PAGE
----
Mary's most important work:
for kids with diabetes.
These kids were all delegates to the
2001 JDRF Children's Congress
Mary Tyler Moore is a show-business legend. She is also dedicated to curing diabetes through research, through her work with the Juvenile Diabetes Foundation International. Here, she reflects on the success of JDRF's first Children's Congress, in 1999.
Q. What outcome did you foresee for JDRF's first Children's Congress—and did it meet your expectations?
When I first heard about Children's Congress and was asked to serve as chairman along with the Silvestri family, I thought of it as a wonderful opportunity for JDRF to gain greater visibility and also as a unique way to present JDRF's case to government representatives. But I was unprepared for the enormous impact this event had: on congressional representatives, members of the present administration, the public—and on me!
I've worked with young people who have diabetes before this, doing public service announcements and photo shoots with them. I call them "my heroes" because of their amazing attitude. But to see 100 determined youngsters over the course of a weekend in a united effort, and to watch them with public officials and in testimony, was an experience that exceeded any of my expectations.
Q. Are there any personal stories, any children whose activities at Conference especially touched you at the Children's Congress?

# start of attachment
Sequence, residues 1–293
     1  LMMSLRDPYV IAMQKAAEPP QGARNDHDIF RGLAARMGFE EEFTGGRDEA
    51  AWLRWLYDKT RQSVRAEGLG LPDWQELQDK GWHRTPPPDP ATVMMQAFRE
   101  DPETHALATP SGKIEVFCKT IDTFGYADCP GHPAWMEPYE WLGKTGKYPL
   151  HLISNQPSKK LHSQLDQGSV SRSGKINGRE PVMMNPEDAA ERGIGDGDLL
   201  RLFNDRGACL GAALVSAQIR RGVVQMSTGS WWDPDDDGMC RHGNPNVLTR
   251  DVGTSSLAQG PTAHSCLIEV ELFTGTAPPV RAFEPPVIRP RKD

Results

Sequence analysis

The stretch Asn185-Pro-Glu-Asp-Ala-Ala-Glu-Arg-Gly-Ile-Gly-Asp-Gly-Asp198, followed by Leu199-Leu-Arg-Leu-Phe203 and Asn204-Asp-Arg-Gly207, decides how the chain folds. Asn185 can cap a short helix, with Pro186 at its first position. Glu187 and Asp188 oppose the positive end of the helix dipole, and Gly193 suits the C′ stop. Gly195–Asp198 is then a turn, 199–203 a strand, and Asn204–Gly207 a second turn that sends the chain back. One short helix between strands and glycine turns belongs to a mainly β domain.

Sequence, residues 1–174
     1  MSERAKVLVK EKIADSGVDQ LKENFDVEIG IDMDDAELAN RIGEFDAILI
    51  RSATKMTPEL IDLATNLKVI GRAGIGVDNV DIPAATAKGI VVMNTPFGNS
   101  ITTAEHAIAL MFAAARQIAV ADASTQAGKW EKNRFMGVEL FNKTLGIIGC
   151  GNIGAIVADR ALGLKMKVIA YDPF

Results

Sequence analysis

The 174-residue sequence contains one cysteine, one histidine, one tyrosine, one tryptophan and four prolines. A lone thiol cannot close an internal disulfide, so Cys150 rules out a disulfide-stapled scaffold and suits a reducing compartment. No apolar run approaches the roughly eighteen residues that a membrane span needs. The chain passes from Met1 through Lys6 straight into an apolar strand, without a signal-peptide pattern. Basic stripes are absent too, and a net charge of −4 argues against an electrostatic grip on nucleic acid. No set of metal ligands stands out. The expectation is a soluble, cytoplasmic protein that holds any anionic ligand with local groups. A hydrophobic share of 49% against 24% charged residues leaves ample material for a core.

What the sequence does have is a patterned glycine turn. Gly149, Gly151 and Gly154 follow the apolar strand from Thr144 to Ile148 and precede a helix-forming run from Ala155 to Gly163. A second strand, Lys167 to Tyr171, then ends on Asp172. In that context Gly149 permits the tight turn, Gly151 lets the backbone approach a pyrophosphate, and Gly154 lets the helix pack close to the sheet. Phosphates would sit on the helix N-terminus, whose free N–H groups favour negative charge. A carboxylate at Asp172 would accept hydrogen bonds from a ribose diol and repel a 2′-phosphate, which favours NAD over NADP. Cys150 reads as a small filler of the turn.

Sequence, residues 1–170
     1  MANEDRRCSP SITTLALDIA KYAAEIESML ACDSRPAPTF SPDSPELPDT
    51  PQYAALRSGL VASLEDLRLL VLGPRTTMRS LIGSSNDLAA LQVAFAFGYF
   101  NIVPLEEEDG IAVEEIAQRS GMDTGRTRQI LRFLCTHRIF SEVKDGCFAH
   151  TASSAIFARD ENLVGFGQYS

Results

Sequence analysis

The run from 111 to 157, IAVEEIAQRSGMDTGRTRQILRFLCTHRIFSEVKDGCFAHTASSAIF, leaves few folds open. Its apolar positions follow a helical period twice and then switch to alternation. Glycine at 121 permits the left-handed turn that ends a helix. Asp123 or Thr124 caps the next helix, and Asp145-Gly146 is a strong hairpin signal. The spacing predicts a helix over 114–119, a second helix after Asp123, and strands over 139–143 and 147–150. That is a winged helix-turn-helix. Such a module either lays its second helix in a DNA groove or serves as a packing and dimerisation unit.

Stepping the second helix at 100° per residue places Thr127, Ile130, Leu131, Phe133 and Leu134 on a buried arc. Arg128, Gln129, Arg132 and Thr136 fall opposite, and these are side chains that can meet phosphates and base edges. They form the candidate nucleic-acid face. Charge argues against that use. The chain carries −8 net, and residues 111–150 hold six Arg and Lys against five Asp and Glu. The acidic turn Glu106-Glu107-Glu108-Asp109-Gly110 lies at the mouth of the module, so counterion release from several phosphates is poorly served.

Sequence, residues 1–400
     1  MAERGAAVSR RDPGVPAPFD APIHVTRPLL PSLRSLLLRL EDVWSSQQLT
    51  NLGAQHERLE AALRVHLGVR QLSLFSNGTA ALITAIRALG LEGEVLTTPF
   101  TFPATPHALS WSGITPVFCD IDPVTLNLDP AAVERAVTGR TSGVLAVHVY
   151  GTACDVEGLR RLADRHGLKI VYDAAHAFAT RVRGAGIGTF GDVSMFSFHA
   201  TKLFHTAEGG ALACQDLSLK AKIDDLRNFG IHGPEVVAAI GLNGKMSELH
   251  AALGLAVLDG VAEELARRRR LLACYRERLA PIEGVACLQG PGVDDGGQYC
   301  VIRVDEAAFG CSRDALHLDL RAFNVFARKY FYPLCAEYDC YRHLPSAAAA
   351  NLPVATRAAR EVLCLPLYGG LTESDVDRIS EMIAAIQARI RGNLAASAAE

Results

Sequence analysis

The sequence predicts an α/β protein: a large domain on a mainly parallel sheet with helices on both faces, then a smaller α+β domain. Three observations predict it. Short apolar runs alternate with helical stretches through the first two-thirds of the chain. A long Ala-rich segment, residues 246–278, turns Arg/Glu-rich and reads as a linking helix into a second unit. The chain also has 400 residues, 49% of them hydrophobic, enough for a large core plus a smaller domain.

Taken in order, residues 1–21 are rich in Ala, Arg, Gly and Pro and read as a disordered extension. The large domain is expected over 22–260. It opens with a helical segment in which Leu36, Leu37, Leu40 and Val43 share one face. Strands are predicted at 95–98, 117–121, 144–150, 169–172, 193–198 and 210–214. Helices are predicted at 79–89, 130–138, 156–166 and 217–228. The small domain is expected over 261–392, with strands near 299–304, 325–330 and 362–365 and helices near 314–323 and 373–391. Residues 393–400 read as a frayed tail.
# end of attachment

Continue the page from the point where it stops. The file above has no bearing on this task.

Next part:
All the youngsters were darling, and I got to be with each of them in the individual delegate photo sessions and all the activities throughout the Congress. Perhaps the most emotional part of the weekend for me was the children's testimony at the hearing, where four youngsters expressed their feelings about diabetes—their fears, their hopes and dreams.
Some of my favorite stories? I recall Mollie Singer's testimony vividly, when she said, "Finding the cure for diabetes is all I think about every hour of every day. I try to be brave but sometimes I get very sad and cry myself to sleep. I dream of what it will be like when I take my last shot of insulin and no longer have to poke my fingers."
And Stockton Morris spoke movingly when he said, "It will be awesome to find a cure. Any money that can be given for research will make the cure come sooner. I really don't want to have complications with my eyes, heart or kidneys. When a cure comes, I want to thank JDRF researchers, scientists and doctors."
Q. Do you think the fact that children were the focal point has helped bring such an overwhelming result and momentum?
I most definitely feel that the "army of children" made the difference in the responses to this event—in government, the media and the public. The idea for Children's Congress—having the kids "tell it like it is"—did make legislators and the media take notice, and drew a great deal of attention to diabetes and the urgent need for a cure.
I've always supported and encouraged government advocacy as a most effective way to increase funding for diabetes research. Adults testify frequently and movingly, and that's newsworthy, especially when it involves prominent people. How much more so when the speakers are the youngsters who are most directly involved!
What a wonderful lesson for kids to learn about the power they can have, and how great to have their families share the experience and support their children!
Q. Do you have any plans for participating in the Promise to Remember Me Campaign, or the next Children's Congress?
I look forward to being a part of both the Promise to Remember Me Campaign and the next Children's Congress! I will surely do what I can to make both these programs as effective and spectacular as the first Children's Congress was.